One Man's Alaska

Bears, hibernating, and hypothermia

April 4, 2009

I was wondering about bears the other night, about things like how they hibernate, if they ever wake up during the winter, things like that, and then I found this link at NOVA Online where they write about hibernating animals, including bears.

If that link is right, it's interesting to me that bears don't hibernate in the same sense that other animals do. They refer to bears as being in a state of lethargy (kind of like me in the winter), as opposed to hibernating like the other animals do.

Here's a great quote from that article comparing bears to the other hibernating animals:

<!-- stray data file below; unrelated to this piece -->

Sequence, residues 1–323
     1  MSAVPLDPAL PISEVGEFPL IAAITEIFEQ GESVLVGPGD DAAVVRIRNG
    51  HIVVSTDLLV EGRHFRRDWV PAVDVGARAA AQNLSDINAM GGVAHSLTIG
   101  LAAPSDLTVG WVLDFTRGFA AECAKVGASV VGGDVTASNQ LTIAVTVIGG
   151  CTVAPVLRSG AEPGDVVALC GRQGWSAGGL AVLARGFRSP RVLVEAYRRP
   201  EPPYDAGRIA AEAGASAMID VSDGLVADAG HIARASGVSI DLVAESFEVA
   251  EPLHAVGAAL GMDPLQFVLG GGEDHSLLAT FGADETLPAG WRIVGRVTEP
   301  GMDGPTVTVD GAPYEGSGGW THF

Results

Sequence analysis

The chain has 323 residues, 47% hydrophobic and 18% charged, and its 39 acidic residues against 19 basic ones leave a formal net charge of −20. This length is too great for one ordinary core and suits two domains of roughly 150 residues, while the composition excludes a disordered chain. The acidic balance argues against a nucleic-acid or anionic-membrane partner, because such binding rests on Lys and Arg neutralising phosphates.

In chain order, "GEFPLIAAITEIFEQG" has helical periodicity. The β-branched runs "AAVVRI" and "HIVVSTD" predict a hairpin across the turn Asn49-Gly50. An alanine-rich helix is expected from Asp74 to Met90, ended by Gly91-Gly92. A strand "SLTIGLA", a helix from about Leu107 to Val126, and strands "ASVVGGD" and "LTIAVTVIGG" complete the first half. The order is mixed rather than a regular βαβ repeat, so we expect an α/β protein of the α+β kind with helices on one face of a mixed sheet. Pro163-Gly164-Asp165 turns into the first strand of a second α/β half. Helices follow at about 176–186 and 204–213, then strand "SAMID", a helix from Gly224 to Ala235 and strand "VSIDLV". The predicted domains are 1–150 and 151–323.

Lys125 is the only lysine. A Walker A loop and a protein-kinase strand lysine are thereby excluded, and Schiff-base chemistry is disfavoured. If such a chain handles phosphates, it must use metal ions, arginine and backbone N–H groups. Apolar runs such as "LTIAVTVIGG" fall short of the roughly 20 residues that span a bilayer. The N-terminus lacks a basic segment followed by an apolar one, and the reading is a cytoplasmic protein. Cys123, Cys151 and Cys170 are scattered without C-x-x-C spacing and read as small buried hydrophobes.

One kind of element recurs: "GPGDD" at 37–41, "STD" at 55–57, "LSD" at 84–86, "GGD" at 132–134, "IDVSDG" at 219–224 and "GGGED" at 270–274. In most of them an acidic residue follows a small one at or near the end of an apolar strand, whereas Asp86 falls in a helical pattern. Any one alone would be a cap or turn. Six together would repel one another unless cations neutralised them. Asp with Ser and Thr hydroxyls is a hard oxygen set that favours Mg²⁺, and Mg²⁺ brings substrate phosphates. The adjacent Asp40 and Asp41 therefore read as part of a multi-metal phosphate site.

Once a black bear begins hibernating, it can doze for many months with a body temperature of 88°F or higher, which is within 12°F of summer levels. By contrast, the body temperature of smaller hibernators such as marmots, chipmunks, and ground squirrels may drop below 40°F. These daintier creatures must awaken every few days, raise their body temperatures to summer levels, eat stored food, and pass wastes.

I think it's so cool that other animals can do this, and I wonder if humans can ever do anything like this themselves, or if the body chemistry of these animals is that much different?

Okay, a quick little bit of research here ... humans go into Stage 3 hypothermia (the worst level) when their body temperature drops to 89.6 degrees Fahrenheit, so I guess humans won't be doing this any time soon.

(According to that link, Stage 1 hypothermia can start between 95-98.6 degrees Fahrenheit ... I need to talk to the HVAC guys at work about that.)

back to the One Man's Alaska front page